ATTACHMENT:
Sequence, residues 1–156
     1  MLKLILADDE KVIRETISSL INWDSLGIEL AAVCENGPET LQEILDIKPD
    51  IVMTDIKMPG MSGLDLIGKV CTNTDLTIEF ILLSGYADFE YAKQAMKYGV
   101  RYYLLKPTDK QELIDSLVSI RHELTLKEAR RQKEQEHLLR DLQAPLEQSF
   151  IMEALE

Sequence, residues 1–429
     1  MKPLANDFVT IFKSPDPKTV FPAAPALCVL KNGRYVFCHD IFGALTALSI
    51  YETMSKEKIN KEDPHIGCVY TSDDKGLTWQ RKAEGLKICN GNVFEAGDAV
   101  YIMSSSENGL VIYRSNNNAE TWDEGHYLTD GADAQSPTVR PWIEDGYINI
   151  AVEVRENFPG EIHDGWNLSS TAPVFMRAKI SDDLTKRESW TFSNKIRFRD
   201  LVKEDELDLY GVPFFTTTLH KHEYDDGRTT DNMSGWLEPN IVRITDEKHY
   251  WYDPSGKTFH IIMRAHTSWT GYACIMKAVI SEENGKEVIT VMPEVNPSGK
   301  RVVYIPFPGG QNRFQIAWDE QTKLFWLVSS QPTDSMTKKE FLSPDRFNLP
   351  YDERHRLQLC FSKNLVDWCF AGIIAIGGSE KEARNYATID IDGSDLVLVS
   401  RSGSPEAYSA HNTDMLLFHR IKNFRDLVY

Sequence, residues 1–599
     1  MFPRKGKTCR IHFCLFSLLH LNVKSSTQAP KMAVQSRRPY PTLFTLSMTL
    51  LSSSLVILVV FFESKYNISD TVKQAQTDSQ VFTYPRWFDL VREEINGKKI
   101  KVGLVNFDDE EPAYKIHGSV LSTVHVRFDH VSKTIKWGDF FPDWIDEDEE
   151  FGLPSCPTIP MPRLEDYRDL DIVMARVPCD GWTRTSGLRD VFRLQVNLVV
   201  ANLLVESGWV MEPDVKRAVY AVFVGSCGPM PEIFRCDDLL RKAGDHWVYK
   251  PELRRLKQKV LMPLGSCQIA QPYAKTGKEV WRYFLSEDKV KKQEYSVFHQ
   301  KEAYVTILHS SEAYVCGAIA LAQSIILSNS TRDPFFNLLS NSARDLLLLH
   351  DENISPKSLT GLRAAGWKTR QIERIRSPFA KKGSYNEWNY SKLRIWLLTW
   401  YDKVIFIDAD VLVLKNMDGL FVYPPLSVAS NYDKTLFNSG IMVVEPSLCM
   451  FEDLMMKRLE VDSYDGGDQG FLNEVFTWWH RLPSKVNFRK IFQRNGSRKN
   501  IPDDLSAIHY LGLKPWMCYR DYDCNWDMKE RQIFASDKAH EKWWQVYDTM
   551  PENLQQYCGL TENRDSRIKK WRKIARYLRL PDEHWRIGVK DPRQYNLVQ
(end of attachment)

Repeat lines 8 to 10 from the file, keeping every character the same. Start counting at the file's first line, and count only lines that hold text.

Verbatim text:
    51  YETMSKEKIN KEDPHIGCVY TSDDKGLTWQ RKAEGLKICN GNVFEAGDAV
   101  YIMSSSENGL VIYRSNNNAE TWDEGHYLTD GADAQSPTVR PWIEDGYINI
   151  AVEVRENFPG EIHDGWNLSS TAPVFMRAKI SDDLTKRESW TFSNKIRFRD